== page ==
If we are ever to clean up Virginia politics, we need to get one thing straight: Taking thinly disguised bribes and calling them “gifts” or “in-kind political contributions” from people with serious business before the state is a crime and should be treated as such. When the shake-down first couple of Virginia, Bob and Maureen McDonnell, got Jonnie Williams to pay for their daughter’s wedding reception, for the Guv’s Rolex watch, for Maureen’s shopping trip to the Big Apple, for “loans” to bail out McDonnell’s real estate deals at the same time that Williams’ company was fighting a tax case with the state was downright criminal – as was Ken Cuccinelli cozying up to Williams during the same period, enjoying vacation homes and Thanksgiving dinners.
Today, corruption is not treated as the crime it is. If the local school board is corrupt and takes a kickback to give the contract for a new school to a favored builder, that is stealing from the taxpayers. When legislators who have the power to approve or not approve uranium mining in Virginia accept a vacation in France disguised as a “fact-finding trip,” they’re stealing the one thing that they should hold precious: the right to represent their constituents, the reason they hold the offices they occupy. If Ken Cuccinelli sends an underling to “discuss” with gas and oil companies dealings with landowners who have filed a civil suit trying to get their royalty money from said companies, he is stealing from those people their fair chance to be heard in court without interference from legal representatives drawing their paychecks because voters trusted them to be fair and honest.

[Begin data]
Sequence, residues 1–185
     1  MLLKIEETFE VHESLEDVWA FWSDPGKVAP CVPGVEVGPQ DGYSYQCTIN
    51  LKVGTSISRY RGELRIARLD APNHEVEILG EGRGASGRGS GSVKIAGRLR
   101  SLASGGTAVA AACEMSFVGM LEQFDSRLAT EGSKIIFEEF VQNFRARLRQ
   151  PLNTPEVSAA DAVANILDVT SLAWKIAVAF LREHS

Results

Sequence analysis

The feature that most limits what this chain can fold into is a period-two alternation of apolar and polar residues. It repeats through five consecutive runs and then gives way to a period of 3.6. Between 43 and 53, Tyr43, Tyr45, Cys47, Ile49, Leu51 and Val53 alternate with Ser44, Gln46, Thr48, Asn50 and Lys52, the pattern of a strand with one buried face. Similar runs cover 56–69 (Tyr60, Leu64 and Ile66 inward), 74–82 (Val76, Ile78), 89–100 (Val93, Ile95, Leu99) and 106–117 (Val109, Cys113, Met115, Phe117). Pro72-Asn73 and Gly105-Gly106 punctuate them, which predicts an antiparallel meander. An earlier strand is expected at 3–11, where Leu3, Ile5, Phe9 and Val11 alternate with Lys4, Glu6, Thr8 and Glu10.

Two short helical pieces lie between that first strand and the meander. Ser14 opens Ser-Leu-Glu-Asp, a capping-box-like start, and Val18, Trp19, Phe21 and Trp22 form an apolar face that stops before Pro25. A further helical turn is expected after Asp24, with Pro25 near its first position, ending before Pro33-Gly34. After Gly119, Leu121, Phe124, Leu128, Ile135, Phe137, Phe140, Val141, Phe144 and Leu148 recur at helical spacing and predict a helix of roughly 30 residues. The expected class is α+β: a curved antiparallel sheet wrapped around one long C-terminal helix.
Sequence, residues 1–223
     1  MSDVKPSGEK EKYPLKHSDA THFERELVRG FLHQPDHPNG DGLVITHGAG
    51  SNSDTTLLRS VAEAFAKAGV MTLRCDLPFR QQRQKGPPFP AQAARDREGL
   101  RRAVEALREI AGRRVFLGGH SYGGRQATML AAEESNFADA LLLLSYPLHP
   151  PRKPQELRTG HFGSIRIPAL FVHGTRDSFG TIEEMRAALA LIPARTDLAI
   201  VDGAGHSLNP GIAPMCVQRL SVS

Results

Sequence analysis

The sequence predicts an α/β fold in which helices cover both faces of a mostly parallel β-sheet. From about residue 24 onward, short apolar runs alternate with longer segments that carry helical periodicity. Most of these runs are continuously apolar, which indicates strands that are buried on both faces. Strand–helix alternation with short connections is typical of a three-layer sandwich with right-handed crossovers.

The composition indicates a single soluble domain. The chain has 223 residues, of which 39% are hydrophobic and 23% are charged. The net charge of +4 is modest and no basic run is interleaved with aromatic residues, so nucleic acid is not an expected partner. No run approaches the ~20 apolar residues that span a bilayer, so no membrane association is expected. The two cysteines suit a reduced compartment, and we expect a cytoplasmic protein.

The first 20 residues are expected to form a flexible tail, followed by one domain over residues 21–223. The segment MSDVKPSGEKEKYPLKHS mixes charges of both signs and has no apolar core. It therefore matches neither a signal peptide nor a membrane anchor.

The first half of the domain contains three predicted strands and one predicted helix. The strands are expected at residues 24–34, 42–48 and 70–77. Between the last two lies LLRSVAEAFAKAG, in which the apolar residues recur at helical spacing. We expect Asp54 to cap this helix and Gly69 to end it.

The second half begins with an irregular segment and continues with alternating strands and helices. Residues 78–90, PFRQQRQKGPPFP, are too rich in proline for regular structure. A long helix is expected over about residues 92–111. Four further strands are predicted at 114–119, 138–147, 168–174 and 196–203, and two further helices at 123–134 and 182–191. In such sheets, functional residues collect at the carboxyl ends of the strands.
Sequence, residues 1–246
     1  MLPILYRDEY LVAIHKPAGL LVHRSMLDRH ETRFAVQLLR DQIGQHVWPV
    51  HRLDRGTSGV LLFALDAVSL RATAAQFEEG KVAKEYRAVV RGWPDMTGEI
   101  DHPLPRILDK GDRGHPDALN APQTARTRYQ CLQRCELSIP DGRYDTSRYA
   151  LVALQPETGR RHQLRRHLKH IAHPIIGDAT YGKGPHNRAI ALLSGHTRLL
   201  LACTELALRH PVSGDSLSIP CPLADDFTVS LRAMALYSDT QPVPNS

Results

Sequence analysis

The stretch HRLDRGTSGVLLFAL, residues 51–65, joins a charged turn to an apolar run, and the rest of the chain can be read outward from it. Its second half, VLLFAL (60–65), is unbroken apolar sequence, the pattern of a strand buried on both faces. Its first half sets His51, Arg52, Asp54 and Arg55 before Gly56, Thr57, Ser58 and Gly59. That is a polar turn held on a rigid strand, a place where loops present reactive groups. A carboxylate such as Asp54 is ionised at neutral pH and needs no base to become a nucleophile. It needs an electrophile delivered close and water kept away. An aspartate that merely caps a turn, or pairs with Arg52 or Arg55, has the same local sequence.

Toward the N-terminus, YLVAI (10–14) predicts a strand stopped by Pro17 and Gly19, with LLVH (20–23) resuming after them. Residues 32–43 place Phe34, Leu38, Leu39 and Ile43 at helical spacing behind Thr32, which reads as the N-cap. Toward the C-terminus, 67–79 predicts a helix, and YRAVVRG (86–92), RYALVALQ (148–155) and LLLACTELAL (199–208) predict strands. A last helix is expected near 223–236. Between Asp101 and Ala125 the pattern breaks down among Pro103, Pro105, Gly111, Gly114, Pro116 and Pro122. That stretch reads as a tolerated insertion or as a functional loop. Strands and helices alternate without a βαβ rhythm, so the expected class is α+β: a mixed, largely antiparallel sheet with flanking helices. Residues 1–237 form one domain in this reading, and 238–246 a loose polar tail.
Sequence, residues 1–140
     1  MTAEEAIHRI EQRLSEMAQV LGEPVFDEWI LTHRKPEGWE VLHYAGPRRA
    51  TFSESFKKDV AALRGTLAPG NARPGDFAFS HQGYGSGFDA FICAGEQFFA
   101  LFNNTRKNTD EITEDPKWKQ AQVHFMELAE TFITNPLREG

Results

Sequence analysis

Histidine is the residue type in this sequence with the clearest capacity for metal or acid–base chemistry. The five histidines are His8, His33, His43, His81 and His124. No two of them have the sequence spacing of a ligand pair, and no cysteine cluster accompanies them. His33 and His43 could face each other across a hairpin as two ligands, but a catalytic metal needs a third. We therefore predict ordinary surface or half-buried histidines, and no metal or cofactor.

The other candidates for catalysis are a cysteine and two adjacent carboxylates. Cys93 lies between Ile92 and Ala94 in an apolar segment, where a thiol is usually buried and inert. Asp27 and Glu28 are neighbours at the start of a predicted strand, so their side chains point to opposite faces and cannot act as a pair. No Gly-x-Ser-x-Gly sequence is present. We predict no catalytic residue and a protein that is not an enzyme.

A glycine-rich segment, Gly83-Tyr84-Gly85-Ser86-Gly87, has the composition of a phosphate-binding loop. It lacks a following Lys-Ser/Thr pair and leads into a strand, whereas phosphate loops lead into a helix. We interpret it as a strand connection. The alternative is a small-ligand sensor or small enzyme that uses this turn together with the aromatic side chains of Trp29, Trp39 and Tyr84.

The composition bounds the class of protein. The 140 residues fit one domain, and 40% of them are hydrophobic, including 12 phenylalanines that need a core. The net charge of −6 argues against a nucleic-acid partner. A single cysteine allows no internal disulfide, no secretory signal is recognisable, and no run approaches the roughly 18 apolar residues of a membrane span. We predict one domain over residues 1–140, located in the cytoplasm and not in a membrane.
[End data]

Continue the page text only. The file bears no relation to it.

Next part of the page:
If we continue to treat corruption as less than the crime it is, we are indirectly abetting those who are using the system to enrich themselves and to attain higher office. Corruption breeds bad government, and it breeds bad business. If and when the General Assembly decides to change the non-existent ethics laws in Virginia, they have to do one other thing. Make it a crime for politicians to break those laws. Otherwise, any changes in the laws will be hollow. Never again should a politician be able to say he “forgot” that he received a bribe – uh, “gift” – from someone trying to influence his (or her) public actions. If that burden is too great for a politician, I have one suggestion for them. Don’t run for office. We all will be the better for it.